And, as I’ve been discovering, the DMCA process is constantly abused, and not just by the big players.
And I fully understand it is almost insulting to have to jump through these hoops to protect something that is obviously my intellectual property.
My reading of the bill, though, shows that the Attorney General has a free hand in taking sites down. No appeal process, no “pinging” the site owner, nothing. And, I don’t see any mechanism for reparation, which means we drag in the lawyers to fix it.
And how many of us can afford lawyers at that level?
Let’s just say that this is out of the reach of the “99%.”
So we have to trust the Attorney General’s office understands what it’s looking at, and that it will always act fairly, otherwise the burden is on the site owner to correct any mistakes the Attorney General makes.
All Things Must Pass, or, The Dinosaurs Must Die
Here we are, in the digital age. We — as in, content creators — now have the ability to create hardcopy and electronic books with a set of relatively inexpensive tools, and can market them ourselves. The days of the big publishing houses are over, and it’s in our best interests to stay out of the way as these dinosaurs sink deeper in the mire and eventually suffocate.
As you’ve probably guessed, this prospect does not leave me particularly upset.
Here’s what it’s been like for the last few decades as a new writer: 1.) You work your ass off trying to get your foot in the door to some agent who thinks enough of your material to lower him- or herself to represent you; 2.) The agent works with you for a while but finally dumps you because every publisher he or she interacts with is unwilling to exhibit some spine and go out on a limb for an unknown, or; 3.) You actually get a gig through the agent, but you are stuck with doing all the marketing yourself, and the publisher dumps you after three books because you aren’t producing enough profits to buy the CEO a new yacht.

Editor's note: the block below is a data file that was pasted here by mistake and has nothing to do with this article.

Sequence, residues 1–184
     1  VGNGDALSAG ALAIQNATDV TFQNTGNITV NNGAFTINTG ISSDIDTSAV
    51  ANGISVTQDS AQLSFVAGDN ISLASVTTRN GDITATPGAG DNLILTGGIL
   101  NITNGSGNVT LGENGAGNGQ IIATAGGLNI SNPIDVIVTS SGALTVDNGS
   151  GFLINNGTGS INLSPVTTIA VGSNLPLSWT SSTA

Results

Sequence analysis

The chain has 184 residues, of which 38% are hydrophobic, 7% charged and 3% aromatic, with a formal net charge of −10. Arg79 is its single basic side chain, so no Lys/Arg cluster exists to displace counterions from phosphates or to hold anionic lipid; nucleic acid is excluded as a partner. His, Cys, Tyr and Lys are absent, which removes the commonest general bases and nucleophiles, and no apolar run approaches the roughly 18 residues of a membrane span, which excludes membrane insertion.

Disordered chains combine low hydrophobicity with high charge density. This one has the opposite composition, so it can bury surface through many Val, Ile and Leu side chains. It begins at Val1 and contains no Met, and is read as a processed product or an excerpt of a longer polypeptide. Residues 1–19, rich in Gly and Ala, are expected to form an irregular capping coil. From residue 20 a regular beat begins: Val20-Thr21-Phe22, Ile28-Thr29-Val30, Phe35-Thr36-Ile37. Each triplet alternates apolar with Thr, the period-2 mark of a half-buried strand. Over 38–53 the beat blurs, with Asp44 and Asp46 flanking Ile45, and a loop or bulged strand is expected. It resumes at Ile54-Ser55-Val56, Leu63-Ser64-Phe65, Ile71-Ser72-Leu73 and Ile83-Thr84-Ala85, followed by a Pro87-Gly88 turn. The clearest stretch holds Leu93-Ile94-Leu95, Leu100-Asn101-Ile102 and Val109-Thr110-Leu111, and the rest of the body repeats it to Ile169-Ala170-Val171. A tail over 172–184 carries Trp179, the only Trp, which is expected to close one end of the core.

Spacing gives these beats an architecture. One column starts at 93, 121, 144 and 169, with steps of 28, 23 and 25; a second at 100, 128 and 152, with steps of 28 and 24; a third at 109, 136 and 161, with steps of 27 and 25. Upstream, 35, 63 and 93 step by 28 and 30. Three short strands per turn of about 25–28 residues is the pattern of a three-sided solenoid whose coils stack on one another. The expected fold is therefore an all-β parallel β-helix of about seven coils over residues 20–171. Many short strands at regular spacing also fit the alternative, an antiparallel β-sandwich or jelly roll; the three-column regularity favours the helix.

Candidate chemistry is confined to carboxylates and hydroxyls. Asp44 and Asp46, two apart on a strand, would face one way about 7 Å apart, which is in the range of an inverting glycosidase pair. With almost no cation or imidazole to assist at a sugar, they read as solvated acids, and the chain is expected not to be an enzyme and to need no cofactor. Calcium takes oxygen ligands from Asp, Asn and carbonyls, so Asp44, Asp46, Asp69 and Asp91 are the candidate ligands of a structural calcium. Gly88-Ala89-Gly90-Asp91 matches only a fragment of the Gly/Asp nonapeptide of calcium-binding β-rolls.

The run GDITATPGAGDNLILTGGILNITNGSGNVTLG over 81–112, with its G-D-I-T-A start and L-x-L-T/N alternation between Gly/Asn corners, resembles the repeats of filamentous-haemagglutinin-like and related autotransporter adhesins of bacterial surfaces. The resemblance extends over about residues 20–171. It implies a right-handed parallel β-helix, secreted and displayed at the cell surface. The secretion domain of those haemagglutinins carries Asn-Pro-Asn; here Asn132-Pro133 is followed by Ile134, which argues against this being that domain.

An alternate path is: 4.) By some miracle you place the book with the publisher yourself, but get screwed over harder by the contract because you didn’t understand this stuff as well as an agent would.
Now, instead of working our asses off to make money for someone else, now we can work our asses off to make some money for ourselves.
What a concept, huh?
It’s so good a concept, in fact, that I’ve learned of genre novelists having turned down offers from traditional publishers because they’d be making less money with the traditional publishers than doing it themselves.
Now, look at the list of names of corporations supporting SOPA/PIPA. See HarperCollins Publishers?
Ladies and gentlemen, this is why I oppose SOPA/PIPA. SOPA/PIPA gives these greed-driven dinosaurs an opportunity to crush the arena that threatens to grind them into a well-deserved extinction.
Help Me Kick the Dinosaur While it’s Down
Stand up. Speak out. Stop this legislation.
These bills will lead to the kind of dirty tricks played on the little guy by Big Money copyright holders recently showcased in this article on CNET: “DHS abruptly abandons copyright seizure of hip-hop blog.”
Read this piece. Note that this dragged on for a year, but when everything was said and done it was clear there was in fact no law violated.
And, mind you, SOPA/PIPA haven’t made it out of the House or Senate yet. If they do, the kind of madness described by the above article will be common place, and turn the internet into a sandbox where only Big Money and government entities can play.
And you know full well these kinds of games will be played to suppress unpopular ideas. There will be censorship in the name of intellectual property rights, and this will be another backdoor for even greater abuses by those who have no conscience about exploiting those who cannot fight back.
Stand up. Speak out.
Go to Stop Censorship, or Don’t Censor the Net, or American Censorship, or Demand Progress or the Electronic Frontier Foundation, or Fight for the Future. Educate yourself. Write your letters, faxes, or emails. Get in your representatives’ ears and stay there until they get the message.
Stand up. Speak out.
The social media account or blog you lose may be your own.
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Copyright © 2011, by Daniel Brenton. All Rights Reserved.